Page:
The FBI released its annual report on hate crime data for 2016, revealing that 4,229 single-bias hate crime offenses were done on the basis of race.
Excluding a handful of "multiple bias" incidents, the Federal Bureau of Investigation said 57.5 percent of all incidents a year ago were based on hate related to race, ethnicity or ancestry.
Of the 6,121 criminal incidents, a majority were driven by race and ethnicity.
More than half of those against people were assault cases, while almost 45 percent were crimes of intimidation.
The FBI gathered their information from 15,254 law enforcement agencies.
Experts caution there is a big caveat with Federal Bureau of Investigation data: It's based on voluntary reporting from more than 15,000 police agencies across the country.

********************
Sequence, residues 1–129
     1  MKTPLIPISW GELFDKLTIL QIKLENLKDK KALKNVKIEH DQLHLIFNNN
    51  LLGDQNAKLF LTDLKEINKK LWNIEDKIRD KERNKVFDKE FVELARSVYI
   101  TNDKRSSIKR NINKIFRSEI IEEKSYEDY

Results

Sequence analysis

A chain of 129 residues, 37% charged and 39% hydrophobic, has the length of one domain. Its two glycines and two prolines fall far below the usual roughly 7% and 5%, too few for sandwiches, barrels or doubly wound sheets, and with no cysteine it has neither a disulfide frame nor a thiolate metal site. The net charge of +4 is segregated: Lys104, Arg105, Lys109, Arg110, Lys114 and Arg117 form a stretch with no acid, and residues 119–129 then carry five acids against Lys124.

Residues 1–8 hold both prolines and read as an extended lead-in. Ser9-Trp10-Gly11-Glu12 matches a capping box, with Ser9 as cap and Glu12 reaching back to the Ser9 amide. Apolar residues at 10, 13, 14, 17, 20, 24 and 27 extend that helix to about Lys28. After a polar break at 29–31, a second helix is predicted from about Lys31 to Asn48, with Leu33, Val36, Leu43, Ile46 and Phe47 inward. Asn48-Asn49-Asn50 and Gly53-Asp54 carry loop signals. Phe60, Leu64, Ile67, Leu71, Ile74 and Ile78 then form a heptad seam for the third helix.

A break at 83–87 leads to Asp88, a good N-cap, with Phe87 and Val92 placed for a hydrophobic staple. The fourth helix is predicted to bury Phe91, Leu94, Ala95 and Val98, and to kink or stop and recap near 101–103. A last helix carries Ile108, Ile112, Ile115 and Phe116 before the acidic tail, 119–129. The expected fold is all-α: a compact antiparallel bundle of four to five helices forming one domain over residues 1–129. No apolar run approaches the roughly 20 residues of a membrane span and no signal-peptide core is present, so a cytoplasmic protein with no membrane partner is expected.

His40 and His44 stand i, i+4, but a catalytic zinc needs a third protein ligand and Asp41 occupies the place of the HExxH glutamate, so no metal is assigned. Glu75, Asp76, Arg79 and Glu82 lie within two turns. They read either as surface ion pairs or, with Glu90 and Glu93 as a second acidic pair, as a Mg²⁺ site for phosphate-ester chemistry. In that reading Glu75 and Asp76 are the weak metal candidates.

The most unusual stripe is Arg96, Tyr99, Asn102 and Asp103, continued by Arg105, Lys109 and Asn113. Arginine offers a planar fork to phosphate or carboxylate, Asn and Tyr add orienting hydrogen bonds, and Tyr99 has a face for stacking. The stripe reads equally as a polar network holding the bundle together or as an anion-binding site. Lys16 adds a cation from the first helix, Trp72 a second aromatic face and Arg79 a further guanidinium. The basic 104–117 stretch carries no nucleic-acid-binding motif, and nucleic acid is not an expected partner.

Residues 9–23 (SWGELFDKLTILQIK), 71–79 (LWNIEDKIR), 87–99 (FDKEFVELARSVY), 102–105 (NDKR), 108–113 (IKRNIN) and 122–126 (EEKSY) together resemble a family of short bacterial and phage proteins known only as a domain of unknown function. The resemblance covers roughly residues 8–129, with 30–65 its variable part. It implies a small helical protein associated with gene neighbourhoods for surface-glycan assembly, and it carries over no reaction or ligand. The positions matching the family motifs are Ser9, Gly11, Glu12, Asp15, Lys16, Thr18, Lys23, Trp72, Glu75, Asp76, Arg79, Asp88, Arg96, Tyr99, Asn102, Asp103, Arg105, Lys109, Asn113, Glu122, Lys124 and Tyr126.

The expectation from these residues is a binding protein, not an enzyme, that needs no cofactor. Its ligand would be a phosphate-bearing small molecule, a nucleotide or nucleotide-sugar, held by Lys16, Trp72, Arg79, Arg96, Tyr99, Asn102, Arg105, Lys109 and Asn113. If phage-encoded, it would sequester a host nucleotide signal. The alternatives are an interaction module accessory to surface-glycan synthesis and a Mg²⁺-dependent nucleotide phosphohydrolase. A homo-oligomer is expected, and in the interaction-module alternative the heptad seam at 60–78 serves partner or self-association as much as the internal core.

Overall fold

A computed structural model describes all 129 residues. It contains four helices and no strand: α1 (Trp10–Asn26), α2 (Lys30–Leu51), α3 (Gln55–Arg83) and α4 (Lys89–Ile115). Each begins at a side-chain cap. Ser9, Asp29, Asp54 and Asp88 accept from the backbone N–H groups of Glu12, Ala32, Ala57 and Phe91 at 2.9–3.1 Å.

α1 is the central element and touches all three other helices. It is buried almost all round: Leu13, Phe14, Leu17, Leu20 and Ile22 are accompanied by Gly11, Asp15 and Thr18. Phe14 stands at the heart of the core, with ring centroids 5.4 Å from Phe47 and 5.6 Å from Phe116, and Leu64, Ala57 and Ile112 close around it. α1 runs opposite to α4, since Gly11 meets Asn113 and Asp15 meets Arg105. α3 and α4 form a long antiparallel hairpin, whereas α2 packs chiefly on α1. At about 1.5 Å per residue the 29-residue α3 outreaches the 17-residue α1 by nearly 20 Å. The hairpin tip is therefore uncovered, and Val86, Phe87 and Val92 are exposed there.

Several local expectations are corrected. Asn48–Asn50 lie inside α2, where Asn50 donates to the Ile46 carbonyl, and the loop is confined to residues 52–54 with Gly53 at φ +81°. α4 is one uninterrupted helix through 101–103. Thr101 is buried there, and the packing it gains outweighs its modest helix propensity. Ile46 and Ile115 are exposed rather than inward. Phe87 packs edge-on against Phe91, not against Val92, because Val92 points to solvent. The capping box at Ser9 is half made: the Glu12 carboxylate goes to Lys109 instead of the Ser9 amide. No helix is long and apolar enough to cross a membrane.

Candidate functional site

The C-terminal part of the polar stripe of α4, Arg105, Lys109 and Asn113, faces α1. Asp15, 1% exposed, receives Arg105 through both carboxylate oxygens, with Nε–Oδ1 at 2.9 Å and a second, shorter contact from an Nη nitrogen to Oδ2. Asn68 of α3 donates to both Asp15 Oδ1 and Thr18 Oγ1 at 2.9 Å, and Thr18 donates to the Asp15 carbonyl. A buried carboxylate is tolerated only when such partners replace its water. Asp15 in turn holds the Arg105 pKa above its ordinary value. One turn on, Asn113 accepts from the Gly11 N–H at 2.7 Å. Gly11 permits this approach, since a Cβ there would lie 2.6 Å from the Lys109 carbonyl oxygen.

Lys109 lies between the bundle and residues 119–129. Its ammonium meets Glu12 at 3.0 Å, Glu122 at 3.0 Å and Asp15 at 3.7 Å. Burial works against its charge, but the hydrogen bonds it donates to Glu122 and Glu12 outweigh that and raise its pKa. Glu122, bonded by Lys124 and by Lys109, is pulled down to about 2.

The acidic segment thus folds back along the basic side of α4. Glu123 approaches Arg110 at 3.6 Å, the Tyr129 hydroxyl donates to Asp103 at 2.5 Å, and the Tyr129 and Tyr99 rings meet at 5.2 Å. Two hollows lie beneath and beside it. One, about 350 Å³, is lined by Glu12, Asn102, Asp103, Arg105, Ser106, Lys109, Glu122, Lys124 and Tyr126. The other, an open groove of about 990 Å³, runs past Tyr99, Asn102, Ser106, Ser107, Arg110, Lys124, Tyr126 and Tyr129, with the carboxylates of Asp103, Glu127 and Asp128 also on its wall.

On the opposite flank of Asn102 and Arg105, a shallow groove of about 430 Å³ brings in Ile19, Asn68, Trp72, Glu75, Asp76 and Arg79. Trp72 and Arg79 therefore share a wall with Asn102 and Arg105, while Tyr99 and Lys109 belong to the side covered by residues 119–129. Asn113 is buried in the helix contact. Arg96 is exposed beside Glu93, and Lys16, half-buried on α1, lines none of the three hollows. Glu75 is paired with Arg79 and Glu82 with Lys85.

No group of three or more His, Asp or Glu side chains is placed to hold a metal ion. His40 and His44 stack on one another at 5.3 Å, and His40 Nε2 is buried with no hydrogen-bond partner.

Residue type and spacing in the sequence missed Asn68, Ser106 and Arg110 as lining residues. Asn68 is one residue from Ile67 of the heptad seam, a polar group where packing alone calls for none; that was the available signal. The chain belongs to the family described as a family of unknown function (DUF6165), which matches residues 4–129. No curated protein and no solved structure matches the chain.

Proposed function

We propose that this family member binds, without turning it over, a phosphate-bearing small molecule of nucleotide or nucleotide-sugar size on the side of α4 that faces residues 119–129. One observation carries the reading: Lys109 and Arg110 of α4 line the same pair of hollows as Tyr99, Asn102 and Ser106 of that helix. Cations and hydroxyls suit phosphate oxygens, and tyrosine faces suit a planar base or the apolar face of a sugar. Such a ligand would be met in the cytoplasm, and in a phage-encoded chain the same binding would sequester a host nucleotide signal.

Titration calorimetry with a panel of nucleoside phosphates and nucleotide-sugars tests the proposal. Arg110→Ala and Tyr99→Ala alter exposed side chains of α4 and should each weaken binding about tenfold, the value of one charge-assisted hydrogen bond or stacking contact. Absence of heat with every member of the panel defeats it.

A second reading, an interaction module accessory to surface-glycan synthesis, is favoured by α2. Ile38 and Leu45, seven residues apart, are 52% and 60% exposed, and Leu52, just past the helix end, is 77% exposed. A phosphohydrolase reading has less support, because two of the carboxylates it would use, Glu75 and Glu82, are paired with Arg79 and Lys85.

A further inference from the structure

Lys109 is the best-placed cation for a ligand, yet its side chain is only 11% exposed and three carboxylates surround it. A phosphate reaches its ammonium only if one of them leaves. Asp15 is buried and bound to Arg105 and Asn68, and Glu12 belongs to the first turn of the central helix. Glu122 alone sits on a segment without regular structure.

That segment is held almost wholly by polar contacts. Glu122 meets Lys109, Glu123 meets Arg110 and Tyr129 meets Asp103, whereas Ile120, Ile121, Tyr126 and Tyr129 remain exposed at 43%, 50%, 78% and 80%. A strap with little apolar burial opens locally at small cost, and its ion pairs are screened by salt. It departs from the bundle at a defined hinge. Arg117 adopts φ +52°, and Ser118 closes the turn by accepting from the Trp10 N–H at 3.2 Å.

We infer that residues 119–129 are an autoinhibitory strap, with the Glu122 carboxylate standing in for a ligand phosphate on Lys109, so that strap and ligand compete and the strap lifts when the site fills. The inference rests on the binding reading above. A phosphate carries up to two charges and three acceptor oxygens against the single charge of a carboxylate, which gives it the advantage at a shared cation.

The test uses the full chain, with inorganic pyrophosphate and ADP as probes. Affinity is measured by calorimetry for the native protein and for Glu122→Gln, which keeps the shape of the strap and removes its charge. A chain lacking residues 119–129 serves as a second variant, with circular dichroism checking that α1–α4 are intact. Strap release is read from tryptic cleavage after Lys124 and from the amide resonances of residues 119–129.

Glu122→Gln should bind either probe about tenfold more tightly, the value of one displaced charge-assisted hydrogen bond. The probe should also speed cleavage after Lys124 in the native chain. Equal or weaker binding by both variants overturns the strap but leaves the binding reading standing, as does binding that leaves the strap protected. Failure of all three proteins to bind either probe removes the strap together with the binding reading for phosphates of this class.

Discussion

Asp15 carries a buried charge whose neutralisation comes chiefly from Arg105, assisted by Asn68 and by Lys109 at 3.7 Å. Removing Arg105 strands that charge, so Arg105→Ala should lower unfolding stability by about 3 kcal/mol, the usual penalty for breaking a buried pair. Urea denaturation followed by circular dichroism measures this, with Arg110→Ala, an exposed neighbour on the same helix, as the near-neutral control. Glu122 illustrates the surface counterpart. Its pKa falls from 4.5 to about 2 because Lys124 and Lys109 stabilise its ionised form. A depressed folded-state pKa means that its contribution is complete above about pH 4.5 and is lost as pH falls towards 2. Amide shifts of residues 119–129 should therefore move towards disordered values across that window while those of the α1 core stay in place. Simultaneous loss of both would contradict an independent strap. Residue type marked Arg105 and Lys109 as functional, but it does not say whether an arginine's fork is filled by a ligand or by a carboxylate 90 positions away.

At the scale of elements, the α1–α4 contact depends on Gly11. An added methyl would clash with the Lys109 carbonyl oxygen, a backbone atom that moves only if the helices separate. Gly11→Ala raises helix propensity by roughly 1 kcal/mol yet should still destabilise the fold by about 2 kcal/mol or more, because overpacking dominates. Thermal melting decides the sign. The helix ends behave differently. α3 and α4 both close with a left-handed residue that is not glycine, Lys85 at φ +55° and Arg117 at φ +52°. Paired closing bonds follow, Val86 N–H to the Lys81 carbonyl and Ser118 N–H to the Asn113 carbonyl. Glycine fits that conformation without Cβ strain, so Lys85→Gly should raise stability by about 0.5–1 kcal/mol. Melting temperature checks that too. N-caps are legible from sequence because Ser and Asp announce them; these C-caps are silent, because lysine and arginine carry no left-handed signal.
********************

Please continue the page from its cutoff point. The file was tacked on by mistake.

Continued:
On Monday, Sessions said the Justice Department is awaiting a full report from a task force on steps it can take to improve training for prosecutors and investigators, boost data collection on hate crimes and partner with local officials and communities. But the number of anti-black crimes remained about even with the number reported in 2015. Hate incidents increased from 203 in 2015 to 285 in 2016.
In the FBI's press release, the types of hate crimes were classified as intimidation (44.7%), simple assault (35.7%), and aggravated assault (18.5%). There is more of a focused effort on reporting these crimes in today's political climate.
"No person should have to fear being violently attacked because of who they are, what they believe, of how they worship", US Attorney General Jeff Sessions said in a statement. Incidents targeting Muslims rose 19 percent from 257 to 307 incidents. No reported crimes were motivated by a disability, gender or gender identity.
Meanwhile, 21% of crimes were motivated by religion and almost 18% by a victim's sexual orientation.